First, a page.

Diabetes drug and heart attacks

On May 21, 2007, the Journal published a meta-analysis by Nissen and Wolski1 that indicated an increased cardiovascular risk associated with rosiglitazone (Avandia), a thiazolidinedione used to treat type 2 diabetes. We published this analysis because it indicated an increase of about 40% in the risk of myocardial infarction among patients receiving rosiglitazone as compared with those receiving either an alternative oral diabetes therapy (metformin or a sulfonylurea) or placebo. Since rosiglitazone is widely used for the treatment of type 2 diabetes and since the analysis considered all publicly available data on the topic, we published the article to make health care professionals and their patients aware of these potential adverse effects. Although we ensured that the article1 and accompanying editorial2 spelled out both the strengths and the weaknesses of the analysis, we knew that a patient-level analysis performed by the manufacturer of rosiglitazone confirmed the findings.3 The article raised substantial uncertainty about the cardiovascular safety of rosiglitazone. Even a small increase in cardiovascular risk in a fragile population of patients with type 2 diabetes is of considerable concern.

As a result of our publication of this article, the steering committee of the Rosiglitazone Evaluated for Cardiac Outcomes and Regulation of Glycaemia in Diabetes, or RECORD, trial (NCT00379769 [ClinicalTrials.gov] ) undertook an unplanned interim analysis of some of the cardiovascular end points in that trial. The results of that interim analysis appear in this issue of the Journal.4 The RECORD (NCT00379769 [ClinicalTrials.gov] ) study is an open-label, randomized, controlled, noninferiority trial in which cardiovascular outcomes are evaluated in patients being treated with a variety of antidiabetic regimens that either contain or do not contain rosiglitazone. The trial is scheduled to end when there is a median of 6 years of follow-up; the mean follow-up reported in the article published in this issue is 3.75 years. In an analysis including all reported primary end points, the hazard ratio (rosiglitazone regimens vs. others) was 1.11 (95% confidence interval, 0.93 to 1.32). As is evident from the 95% confidence interval around the point estimate, the data are consistent with as much as a 7% decrease in cardiovascular risk and as much as a 32% increase in risk. Consequently, the data from the interim analysis are inconclusive owing to low statistical power. The low power is due in part to incomplete follow-up and unexpectedly low event rates. Even when the study is completed, whether there will be adequate statistical power to reach a definite conclusion about cardiovascular safety is uncertain.

The RECORD trial was designed as a noninferiority trial with a noninferiority margin of 20% (i.e., an upper bound of the 95% confidence interval exceeding 1.20 fails to establish noninferiority). The upper bound of 1.32 found in the interim analysis indicates that the noninferiority of rosiglitazone, as compared with non-rosiglitazone regimens, has not been established. In short, this means that there is continued uncertainty about the cardiovascular safety of rosiglitazone. Furthermore, the upper bound of 1.81 for the myocardial infarction end point indicates that the RECORD data are not discordant with the results of the meta-analysis by Nissen and Wolski, given that the 95% confidence intervals in the two studies overlap extensively.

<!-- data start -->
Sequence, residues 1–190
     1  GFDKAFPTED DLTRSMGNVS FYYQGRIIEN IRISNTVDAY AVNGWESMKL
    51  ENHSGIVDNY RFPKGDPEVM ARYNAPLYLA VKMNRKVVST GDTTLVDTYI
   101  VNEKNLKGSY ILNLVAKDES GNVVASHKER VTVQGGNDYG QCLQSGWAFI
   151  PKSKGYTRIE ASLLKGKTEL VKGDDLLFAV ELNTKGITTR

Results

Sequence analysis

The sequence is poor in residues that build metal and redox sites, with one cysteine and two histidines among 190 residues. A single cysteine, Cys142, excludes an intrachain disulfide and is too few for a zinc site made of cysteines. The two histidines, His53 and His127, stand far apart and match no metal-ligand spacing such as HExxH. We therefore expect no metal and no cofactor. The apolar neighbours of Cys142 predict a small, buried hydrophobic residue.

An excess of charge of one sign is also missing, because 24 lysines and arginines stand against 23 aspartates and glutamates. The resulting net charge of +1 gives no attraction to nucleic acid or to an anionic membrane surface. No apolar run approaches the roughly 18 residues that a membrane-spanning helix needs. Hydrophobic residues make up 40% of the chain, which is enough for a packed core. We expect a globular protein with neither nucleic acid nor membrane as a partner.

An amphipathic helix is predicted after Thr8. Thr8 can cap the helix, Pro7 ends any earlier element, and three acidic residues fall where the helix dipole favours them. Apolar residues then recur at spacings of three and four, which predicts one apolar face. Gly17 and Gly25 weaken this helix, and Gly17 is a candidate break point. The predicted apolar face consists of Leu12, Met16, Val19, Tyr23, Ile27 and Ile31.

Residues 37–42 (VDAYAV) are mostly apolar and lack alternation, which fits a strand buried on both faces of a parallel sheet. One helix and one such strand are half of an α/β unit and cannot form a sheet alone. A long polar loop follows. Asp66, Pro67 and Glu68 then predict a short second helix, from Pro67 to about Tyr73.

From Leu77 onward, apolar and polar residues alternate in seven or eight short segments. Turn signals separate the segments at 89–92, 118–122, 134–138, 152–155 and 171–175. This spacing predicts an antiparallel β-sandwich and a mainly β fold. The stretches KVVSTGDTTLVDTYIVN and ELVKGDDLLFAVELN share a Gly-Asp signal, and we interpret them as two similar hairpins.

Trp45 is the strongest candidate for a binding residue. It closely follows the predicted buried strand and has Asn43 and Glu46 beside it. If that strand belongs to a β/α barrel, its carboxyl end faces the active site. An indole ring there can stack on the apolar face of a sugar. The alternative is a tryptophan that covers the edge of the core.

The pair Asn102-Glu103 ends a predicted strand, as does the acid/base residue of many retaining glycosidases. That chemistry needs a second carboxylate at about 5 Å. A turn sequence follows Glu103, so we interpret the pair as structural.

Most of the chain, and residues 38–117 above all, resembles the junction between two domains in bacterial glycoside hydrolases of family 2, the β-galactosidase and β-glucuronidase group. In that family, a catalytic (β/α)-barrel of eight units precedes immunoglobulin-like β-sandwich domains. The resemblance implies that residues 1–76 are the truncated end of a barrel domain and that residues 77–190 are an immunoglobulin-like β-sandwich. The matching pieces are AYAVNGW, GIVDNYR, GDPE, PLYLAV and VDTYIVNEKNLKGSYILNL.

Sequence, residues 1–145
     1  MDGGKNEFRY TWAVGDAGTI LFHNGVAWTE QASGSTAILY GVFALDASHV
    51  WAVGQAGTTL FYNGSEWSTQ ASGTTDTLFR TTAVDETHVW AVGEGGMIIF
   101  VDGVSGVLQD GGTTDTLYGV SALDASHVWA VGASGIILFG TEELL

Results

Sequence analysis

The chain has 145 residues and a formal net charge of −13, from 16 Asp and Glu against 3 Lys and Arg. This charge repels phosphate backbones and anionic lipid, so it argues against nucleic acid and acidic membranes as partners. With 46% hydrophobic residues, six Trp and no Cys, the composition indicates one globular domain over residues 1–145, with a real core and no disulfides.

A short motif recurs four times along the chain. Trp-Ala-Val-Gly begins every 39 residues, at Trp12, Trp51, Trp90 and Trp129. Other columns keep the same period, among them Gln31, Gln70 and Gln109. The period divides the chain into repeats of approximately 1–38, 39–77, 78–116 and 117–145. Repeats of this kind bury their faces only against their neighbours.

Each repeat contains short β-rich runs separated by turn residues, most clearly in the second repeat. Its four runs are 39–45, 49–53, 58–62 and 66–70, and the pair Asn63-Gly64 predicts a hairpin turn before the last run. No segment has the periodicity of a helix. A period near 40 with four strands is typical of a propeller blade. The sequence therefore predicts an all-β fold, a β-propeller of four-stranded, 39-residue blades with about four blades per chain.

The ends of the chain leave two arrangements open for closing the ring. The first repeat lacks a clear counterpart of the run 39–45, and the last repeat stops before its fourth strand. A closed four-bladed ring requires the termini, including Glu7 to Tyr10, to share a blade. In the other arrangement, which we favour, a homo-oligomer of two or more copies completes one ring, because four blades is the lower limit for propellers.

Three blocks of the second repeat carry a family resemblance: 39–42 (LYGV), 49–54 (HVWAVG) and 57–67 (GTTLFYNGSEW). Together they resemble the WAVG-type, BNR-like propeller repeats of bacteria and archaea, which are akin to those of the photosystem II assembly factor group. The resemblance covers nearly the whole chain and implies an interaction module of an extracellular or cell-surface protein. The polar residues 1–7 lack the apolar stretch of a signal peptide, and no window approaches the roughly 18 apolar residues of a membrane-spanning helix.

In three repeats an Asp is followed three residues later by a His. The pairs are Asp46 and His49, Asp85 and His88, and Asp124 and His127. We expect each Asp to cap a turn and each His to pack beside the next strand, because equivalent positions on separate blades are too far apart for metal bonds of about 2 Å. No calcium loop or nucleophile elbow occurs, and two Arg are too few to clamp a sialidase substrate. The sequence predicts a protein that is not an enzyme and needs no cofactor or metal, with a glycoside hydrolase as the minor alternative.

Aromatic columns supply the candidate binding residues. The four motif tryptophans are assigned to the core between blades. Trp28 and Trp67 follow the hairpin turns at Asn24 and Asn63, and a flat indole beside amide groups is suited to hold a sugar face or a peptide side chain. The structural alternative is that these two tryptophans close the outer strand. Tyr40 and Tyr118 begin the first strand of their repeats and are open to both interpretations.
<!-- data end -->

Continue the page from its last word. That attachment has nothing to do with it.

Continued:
The clinical impact of these data needs to be clarified. To do so, we asked a diabetologist, a cardiovascular epidemiologist, and a drug-safety expert to give their interpretations, which can be found in the accompanying editorials.5,6 Both editorials express uncertainty about the safety of rosiglitazone.

When a drug is approved for marketing, its full safety profile cannot be known, and the data from the two studies we have published1,4 represent a clear example of how difficult it can be to determine drug safety. In this age of freely available information, drugs cannot easily be parsed into “safe” and “unsafe” categories. Instead, there will be shades of safety that must be graded against shades of efficacy. As new data about the safety of an approved drug become available, they should not be suppressed. On the contrary, they should be reported to health care professionals, patients, and participants in ongoing clinical trials, even if that means creating uncertainty about the safety of a drug. Although there may be uncertainty about a drug’s safety, there should be no uncertainty about the need for open and honest disclosure.
Source Information

This article (10.1056/NEJMe078118) was published at www.nejm.org on June 5, 2007. It will appear in the July 5 issue of the Journal.


  1. Nissen SE, Wolski K. Effect of rosiglitazone on the risk of myocardial infarction and death from cardiovascular causes. N Engl J Med 2007;356:2457-b-2471.
  1. Psaty BM, Furberg CD. Rosiglitazone and cardiovascular risk. N Engl J Med 2007;356:2522-2524.
  1. GlaxoSmithKline. Study no. ZM2005/00181/01: Avandia Cardiovascular Event Modeling Project. (Accessed June 4, 2007, at http://ctr.gsk.co.uk/Summary/Rosiglitazone/III_CVmodeling.pdf.)
  1. Home PD, Pocock SJ, Beck-Nielsen H, et al. Rosiglitazone Evaluated for Cardiac Outcomes and Regulation of Glycemia in Diabetes (RECORD) Study: interim findings on cardovascular hospitalizations and deaths. N Engl J Med 2007;357. DOI: 10.1056/NEJMoa073394.
  1. Nathan DM. Rosiglitazone and cardiotoxicity: weighing the evidence. N Engl J Med 2007;357. DOI: 10.1056/NEJMe078117.
  1. Psaty BM, Furberg CD. The record on rosiglitazone and the risk of myocardial infarction. N Engl J Med 2007;357. DOI: 10.1056/NEJMe078116.